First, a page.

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One dead in Indian Kashmir hotel attack: police

  • An Indian solider stands guard inside a hotel during a search operation after a shooting incident at a hotel on the outskirts of Srinagar on October 19,2012. AFP PHOTO/ Rouf BHAT

SRINAGAR, India: At least three gunmen attacked a popular hotel in the volatile region of Indian Kashmir on Friday, killing a bellboy and leaving at least two other people injured, security forces said.

The armed gang began shooting outside the Silver Star hotel on the outskirts of the main city of Srinagar at about 4:30 pm (1100 GMT) before entering the premises and firing "indiscriminately", according to a police statement.

Police said in the statement that "the militants had planned an... attack on army vehicles which were passing by. They did not succeed and thus tried to enter a nearby hotel."

The dead man was a bellboy, a senior security official said from the scene, while police said two others have been "rushed to hospital where they are being operated upon".

Afadal Mujtaba, a deputy inspector general for Srinagar police, told AFP that "these three gunmen opened fire and killed this boy and injured two others".

Dozens of soldiers and paramilitary police called to the spot cordoned off the four-storey hotel and were undertaking a search inside the hotel and the surrounding area to try and catch the gunmen, who are thought to have fled.

The motive for the attack remained unclear, although the police referred to the attackers as "militants".

Friday's attack, the first in Srinagar since May of this year, occurred on a day when several senior officials from the army, police, intelligence agencies and government met to review the security situation in the state.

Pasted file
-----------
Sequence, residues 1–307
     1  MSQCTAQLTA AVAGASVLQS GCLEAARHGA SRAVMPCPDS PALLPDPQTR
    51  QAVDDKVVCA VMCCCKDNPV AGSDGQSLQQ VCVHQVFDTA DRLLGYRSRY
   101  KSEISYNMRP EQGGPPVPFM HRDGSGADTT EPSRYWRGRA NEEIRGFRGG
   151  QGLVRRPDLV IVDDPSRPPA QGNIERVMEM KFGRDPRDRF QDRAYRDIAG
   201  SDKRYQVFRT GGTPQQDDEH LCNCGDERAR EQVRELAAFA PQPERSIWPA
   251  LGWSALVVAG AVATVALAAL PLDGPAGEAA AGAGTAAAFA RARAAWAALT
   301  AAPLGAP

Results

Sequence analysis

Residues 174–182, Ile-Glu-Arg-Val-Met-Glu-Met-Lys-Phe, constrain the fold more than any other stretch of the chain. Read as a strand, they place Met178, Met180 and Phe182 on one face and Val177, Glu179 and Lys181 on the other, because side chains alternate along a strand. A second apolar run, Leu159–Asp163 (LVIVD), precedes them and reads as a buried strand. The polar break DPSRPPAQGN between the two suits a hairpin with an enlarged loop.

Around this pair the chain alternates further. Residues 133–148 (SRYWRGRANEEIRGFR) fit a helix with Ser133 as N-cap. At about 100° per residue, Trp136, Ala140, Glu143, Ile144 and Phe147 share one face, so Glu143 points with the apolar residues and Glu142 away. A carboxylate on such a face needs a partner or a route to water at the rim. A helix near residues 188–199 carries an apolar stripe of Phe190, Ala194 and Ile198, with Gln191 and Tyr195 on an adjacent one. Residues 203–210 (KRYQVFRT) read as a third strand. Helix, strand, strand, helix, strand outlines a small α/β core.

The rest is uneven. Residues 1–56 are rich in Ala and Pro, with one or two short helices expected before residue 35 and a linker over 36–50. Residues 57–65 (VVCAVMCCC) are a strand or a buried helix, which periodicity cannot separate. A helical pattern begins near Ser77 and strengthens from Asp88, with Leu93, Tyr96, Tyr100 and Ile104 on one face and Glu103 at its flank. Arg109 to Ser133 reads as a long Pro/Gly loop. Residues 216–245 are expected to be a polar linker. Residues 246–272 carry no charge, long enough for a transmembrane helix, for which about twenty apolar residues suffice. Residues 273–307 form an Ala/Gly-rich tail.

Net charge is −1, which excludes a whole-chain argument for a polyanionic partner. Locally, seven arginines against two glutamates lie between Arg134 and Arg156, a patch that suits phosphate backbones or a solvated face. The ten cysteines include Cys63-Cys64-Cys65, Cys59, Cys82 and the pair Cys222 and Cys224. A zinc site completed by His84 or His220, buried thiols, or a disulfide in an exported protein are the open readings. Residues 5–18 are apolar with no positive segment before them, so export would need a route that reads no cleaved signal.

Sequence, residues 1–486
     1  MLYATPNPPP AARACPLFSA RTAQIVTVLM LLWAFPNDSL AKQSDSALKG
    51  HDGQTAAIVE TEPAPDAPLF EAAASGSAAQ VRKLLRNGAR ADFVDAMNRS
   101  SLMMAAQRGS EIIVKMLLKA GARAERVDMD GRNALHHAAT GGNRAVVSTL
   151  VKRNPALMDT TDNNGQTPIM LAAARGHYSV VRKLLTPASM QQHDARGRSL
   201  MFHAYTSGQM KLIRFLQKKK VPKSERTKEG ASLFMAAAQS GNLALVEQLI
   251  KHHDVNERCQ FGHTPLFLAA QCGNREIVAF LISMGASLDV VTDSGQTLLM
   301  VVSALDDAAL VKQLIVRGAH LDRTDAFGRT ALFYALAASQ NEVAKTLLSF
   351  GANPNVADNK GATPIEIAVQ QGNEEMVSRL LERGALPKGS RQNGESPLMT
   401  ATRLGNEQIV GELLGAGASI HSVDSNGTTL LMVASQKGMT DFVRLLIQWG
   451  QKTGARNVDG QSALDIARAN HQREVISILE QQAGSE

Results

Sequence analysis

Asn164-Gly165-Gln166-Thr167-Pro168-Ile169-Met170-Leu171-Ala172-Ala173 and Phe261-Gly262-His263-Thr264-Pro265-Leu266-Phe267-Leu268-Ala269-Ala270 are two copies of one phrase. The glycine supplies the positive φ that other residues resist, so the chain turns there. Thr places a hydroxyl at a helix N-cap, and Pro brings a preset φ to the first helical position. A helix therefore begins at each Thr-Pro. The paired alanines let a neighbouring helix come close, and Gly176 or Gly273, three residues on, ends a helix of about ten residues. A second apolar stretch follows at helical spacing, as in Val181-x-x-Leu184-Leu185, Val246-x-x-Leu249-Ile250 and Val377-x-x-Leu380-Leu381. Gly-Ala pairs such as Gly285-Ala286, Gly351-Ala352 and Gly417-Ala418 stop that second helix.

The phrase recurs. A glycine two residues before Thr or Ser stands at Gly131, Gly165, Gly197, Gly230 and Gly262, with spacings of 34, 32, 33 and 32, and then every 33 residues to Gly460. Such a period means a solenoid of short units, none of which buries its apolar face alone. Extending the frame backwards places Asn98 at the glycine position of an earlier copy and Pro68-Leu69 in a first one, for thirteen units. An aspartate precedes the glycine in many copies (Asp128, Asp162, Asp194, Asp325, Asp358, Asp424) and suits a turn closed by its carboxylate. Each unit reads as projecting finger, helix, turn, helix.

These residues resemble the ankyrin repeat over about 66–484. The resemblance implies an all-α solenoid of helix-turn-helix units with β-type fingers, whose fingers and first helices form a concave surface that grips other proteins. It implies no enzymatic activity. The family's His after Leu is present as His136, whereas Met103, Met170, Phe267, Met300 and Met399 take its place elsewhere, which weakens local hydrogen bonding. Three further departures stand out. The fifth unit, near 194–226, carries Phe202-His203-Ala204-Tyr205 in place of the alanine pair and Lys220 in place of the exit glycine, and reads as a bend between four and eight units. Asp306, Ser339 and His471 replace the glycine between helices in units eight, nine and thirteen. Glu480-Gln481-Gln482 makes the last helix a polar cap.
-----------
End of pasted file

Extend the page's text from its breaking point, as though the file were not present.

In the May attack, two motorcyclists fired on a group of army officers, injuring seven.

Militant attacks on tourists or the tourist industry are rare and gunmen usually target security forces in their convoys or at the thousands of check-points that dot the heavily-militarised region.

The Silver Star hotel is a large mid-range hotel mostly popular with domestic tourists.

Holiday-makers have poured back into Indian-administered Kashmir over the last two years after a downturn in the separatist violence that had wrecked the tourism industry in the Muslim-majority region.

Kashmir is famed for its houseboats, serene lakes and soaring mountains, but it has also been the scene of decades of conflict as rebels have fought to break away from Indian government rule.

Many Western governments who previously urged their citizens to stay away from the region have steadily revised their travel advisories to reflect the drop in violence, which is at its lowest ebb since the insurgency began in 1989.

The Indian home ministry estimates more than 40,000 people have been killed since the rebel movement broke out, while human rights groups and separatists put the toll at 70,000-100,000.

Nuclear-armed India and Pakistan each hold part of the disputed region of Kashmir but both claim it in full. India accuses Pakistan of abetting the insurgency on its side of the border.

Resolving the territorial dispute, that has caused two of the three wars between the nuclear-armed neighbours since independence, is a key element in a slow-moving peace process that is under way.

 
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